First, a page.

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FOCUS March 2022 Volume 107

Cooperation, Reconciliation and Self-reflection: A few thoughts on the NUG and ethnic minorities in post-coup Myanmar

Yaolong Xian

In Myanmar, marginalized ethnic minorities have suddenly received a great deal of attention after the military coup in February 2021 by the Tatmadaw. Many media outlets reported on the anti-coup protests organized by ethnic people and their condemnation of the military coup and the dictatorship. The more compelling discussion was about the cooperation between the Ethnic Armed Organizations (EAOs) and the National Unity Government (NUG) in fighting the Tatmadaw. Many militias of the People's Defence Force (PDF), the armed wing of the NUG, have either received assistance from the EAOs or directly allied with them. For example, the Kachin Independent Army (KIA) and Karen National Liberation Army have allied with PDF to conduct joint military operations. 1 Against this backdrop, some observers see this cooperation as a sign that divisions among Myanmar's ethnic communities have softened after the coup. 2 It is safe to say that EAOs are playing an important role in the post-coup era that could even shape the country's future, and yet this does not mean the marginalization of ethnic minority communities in Myanmar has disappeared.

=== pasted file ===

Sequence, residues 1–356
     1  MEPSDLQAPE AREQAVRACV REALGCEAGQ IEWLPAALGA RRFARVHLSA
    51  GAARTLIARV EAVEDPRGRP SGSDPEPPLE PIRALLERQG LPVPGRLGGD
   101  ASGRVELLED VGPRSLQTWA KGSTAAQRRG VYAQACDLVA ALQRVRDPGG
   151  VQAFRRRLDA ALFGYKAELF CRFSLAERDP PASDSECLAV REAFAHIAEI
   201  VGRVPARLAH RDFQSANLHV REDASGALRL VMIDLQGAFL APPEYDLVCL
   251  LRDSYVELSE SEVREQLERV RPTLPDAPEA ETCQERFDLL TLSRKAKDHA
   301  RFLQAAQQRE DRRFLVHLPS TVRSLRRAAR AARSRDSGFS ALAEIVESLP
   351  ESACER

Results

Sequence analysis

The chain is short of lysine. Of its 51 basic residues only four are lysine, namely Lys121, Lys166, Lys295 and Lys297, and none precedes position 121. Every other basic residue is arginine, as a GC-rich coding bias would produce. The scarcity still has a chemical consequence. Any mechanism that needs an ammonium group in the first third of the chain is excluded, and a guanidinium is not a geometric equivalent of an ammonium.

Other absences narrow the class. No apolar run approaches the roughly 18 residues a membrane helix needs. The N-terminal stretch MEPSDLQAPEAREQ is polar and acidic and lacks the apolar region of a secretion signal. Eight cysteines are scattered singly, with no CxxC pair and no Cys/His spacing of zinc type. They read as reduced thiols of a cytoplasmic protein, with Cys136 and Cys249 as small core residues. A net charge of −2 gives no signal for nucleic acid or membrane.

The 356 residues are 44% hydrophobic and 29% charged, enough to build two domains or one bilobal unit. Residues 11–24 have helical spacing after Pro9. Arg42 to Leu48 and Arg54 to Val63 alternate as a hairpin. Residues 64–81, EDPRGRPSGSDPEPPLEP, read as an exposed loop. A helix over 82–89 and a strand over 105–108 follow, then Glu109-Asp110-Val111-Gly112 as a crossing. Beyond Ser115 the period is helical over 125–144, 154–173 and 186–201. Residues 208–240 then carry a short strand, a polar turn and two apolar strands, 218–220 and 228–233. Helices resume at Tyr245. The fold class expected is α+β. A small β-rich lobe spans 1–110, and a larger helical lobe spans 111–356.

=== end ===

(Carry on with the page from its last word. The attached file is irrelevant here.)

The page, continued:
While their motivations for cooperation are manifold, the self-interest that comes from fighting a common enemy is at play significantly. 3 The NUG's goal is to overthrow the Tatmadaw and transform itself from a shadow government to a government in office. For EAOs, fighting the Tatmadaw (their decades-old foe) alongside the NUG, which enjoys a popular support base, can enhance combat power as well as legitimacy. The KIA, for example, has taken this opportunity to seize Tatmadaw bases, gaining control of territory and requiring all PDFs in Kachin state to be administered by it. There is no doubt that this has increased the autonomy of the Kachin community in its controlled area, but it remains to be seen whether or not this can contribute to the assertion of ethnic minority rights nationwide. Also, there is uncertainty regarding equal treatment of ethnic groups that do not directly support NUG in the future. Thus, this cooperation may facilitate change in recognition of ethnic minority rights but does not in itself mean that the situation of ethnic minorities in Myanmar has improved.